I Watched This Game: Magnificent Markstrom carries Canucks to shootout win over Stars

Canucks 3 - 2 Stars (SO)

Pass it to Bulis

The Dallas Stars are a playoff team. It’s all but assured at this point: they have 41 wins and are seven points up on the ninth-place Arizona Coyotes.

The Vancouver Canucks are not a playoff team. They were mathematically eliminated on Friday night when the Coyotes and the Colorado Avalanche went to a shootout, with the Coyotes picking up a single point in the shootout loss.

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And yet, the Canucks were able to beat the Stars and keep them from clinching a playoff spot. Sure, they could clinch as early as Sunday with a Coyotes loss, but that’s what was at stake for the Stars in this game, and they barely got the game into overtime.

It took two third period goals to comeback from a two-goal deficit and there was a lot of luck involved in both goals. While a good team gives themselves more opportunities for luck to go their way, you have to admit they looked pretty vulnerable. At times, they looked like a playoff team, with clean breakouts, crisp passing, and relentless offensive zone pressure, but if I was a Stars fan, I’d be worried.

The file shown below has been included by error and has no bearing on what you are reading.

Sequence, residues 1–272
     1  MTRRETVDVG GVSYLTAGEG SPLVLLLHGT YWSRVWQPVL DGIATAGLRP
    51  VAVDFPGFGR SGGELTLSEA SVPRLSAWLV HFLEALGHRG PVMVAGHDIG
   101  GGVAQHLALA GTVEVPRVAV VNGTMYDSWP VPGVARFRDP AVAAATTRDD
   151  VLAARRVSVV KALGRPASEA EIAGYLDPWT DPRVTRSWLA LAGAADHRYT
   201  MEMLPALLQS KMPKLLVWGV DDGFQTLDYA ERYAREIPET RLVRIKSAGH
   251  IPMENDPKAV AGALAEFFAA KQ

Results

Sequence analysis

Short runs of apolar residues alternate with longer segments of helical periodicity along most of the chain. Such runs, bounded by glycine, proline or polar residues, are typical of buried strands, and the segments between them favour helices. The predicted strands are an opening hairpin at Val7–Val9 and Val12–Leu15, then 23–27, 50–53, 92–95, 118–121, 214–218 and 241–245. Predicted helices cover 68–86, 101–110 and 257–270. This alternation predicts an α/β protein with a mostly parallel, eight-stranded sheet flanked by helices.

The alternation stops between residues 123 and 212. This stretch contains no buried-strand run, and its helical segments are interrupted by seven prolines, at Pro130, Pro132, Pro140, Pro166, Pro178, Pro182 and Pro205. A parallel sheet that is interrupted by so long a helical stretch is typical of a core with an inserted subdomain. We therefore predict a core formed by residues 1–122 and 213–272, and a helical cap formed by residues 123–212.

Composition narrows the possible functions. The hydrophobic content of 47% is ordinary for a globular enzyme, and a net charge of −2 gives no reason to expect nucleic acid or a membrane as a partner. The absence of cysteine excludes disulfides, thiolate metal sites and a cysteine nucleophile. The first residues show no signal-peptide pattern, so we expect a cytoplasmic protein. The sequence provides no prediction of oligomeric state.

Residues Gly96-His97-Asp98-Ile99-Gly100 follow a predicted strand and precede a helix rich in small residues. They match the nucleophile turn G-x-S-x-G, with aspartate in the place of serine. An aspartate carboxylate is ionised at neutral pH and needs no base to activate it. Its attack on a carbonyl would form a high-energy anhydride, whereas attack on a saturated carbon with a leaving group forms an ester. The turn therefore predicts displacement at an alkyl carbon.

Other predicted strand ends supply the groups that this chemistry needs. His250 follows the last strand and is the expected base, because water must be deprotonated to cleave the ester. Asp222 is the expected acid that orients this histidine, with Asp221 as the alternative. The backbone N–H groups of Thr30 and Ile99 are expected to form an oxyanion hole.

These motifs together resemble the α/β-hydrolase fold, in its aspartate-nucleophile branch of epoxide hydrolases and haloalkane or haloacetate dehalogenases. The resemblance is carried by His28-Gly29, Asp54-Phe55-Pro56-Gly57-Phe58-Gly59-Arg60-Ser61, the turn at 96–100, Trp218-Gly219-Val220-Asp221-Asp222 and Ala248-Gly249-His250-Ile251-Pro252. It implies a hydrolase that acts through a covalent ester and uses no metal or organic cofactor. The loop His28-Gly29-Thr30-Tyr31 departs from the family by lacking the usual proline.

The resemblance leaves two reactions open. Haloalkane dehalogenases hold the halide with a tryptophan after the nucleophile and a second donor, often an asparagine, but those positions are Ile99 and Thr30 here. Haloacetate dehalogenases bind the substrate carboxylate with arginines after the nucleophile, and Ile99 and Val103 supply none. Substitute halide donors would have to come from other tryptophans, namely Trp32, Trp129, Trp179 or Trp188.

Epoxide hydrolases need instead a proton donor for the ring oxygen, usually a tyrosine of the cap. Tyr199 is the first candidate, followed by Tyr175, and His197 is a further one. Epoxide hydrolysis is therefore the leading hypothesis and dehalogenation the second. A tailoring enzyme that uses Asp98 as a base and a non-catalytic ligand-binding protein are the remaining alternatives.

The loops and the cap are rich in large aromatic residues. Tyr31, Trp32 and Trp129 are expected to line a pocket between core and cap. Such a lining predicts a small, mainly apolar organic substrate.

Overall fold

The Stars are likely to enter the playoffs with the worst goal differential among playoff teams. Their corsi percentage over the course of the season is 48.19%, the same as the Los Angeles Kings, who are the worst team in the Western Conference. They look a little better when it comes to scoring chance differential, but there are some serious causes for concern. I wouldn’t give them good odds to get past the Winnipeg Jets, Nashville Predators, or Calgary Flames.

At the very least, I won’t be picking any Stars in my playoff pool. I decided that when I watched this game.

  • Quinn Hughes faced a tougher test than the Los Angeles Kings in his second game in the NHL and it showed. He wasn’t terrible, by any means, but you could tell there was a lot less time and space for him to maneuver out there. The Canucks were out-shot 10-5 when he was on the ice at 5-on-5, as the breakouts weren’t quite as smooth for Hughes this time around. He’ll be fine, but the learning curve can be a warped wall sometimes.
  • Heading into this game, Tim Schaller had scored just two goals all season. Both came in one game against the Dallas Stars, so it was only fitting that he opened the scoring with his third goal against the Stars and third goal of the season. Schaller must love playing the Stars: he has four goals in eight games against them in his career.